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Arabs have been a part of the fabric of American society for over one hundred years. Lebanese and Syrian immigrants were just as much a part of early twentieth century American immigration as any other ethnic minority group of that era. One woman devoted her life's work to chronicling those experiences, traveling around the country to collect firsthand accounts from Arab immigrants. Now, she rests in peace as her research will live on in one of the nation's most prestigious museums.

Alixa Naff, one of the most notable Arab-American scholars, passed away last week at the age of 93.

Known as "the mother" of Arab-American studies, Naff is best known for starting a historic collection on Arab Americans at the Smithsonian Institute in Washington D.C. The Faris and Yamna Naff Arab Collection, named after her parents, contains photographs, audio, books and journals chronicling the lives of Arabs in America since the late 1800s.

Naff came to the United States in 1921 as a toddler. She was born in Rashayya al-Wadi, in an area that is considered part of Lebanon today.

Her family settled in Spring Valley, Illinois, a community with many Syrian and Lebanese immigrants.  But while it was her first time in the United States, her father had already visited the United States from 1895 to 1913, as a peddler.

Her life is a fascinating one-- the daughter of Orthodox Christian Arab immigrants in the United States, struggling their way through the Great Depression, World War II and the Civil Rights Movement.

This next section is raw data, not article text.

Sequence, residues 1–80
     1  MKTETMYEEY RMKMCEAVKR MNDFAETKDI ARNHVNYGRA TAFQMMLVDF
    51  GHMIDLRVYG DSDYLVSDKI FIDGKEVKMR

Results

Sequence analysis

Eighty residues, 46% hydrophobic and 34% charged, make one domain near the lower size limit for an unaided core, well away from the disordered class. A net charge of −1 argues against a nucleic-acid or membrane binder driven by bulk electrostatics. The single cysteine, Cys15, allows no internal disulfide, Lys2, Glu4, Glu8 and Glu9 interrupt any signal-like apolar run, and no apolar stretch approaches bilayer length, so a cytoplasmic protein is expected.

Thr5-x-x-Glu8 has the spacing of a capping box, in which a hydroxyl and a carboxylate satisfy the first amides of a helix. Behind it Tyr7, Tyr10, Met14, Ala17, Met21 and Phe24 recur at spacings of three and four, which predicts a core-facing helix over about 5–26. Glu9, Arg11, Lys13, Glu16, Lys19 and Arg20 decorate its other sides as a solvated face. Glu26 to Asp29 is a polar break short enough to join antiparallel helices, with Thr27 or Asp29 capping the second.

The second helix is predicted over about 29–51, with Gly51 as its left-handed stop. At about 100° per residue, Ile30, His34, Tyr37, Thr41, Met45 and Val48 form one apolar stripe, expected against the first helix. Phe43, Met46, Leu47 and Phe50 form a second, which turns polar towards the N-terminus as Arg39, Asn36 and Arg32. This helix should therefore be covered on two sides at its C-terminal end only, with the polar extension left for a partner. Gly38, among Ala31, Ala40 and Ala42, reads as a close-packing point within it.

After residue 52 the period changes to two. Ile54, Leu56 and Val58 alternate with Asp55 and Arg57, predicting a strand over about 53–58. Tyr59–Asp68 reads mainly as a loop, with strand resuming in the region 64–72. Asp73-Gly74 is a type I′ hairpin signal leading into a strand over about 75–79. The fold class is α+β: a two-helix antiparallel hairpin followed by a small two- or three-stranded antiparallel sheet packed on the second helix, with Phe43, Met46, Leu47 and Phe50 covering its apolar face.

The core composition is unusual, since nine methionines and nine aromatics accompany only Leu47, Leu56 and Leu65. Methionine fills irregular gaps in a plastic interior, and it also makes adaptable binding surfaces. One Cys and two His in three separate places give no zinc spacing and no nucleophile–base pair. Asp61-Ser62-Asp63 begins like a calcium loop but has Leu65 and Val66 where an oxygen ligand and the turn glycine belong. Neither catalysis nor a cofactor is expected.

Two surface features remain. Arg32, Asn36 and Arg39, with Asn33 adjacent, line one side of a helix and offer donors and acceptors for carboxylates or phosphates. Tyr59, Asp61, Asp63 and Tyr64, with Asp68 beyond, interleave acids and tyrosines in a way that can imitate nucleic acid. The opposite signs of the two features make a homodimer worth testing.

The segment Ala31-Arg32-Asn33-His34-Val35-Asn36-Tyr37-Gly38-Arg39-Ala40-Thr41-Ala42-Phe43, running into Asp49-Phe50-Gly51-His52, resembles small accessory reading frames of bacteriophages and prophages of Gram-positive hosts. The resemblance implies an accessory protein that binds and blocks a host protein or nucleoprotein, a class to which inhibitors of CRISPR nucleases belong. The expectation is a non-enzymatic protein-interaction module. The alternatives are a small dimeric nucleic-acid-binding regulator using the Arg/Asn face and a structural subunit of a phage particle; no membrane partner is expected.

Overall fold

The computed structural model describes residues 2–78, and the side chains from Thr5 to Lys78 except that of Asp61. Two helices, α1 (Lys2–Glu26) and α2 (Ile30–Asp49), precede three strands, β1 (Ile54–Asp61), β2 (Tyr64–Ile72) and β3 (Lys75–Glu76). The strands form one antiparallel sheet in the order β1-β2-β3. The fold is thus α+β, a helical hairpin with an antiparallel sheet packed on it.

In the 1950s, Naff went to UCLA, where she first began research in Arabs in America. In 1962, she drove around the United States and eastern Canada collecting firsthand accounts from eighty-seven people-- whom she referred to as "the pioneer generation."

As an early Arab American, her life story mirrors that of many immigrants from the early part of the twentieth century.

But what's interesting is how her experiences mirror those of many Arab Americans now, three-quarters of a century later.

According to the Arab American Institute, Naff wrote about how the Arab-Israeli war of 1967 had a profound impact on her sense of self-identity, much like the events of 9/11 had an impact on the Arabs and Muslims of today.

“A friend came in and said ‘Alixa, you better go home, they're out to get you’. I didn't understand. At that time, I ate the [Arab] food and I loved the dancing, but I was an American. All of a sudden, we all became Arabs.”

Naff is survived by her two brothers, Tom and George.





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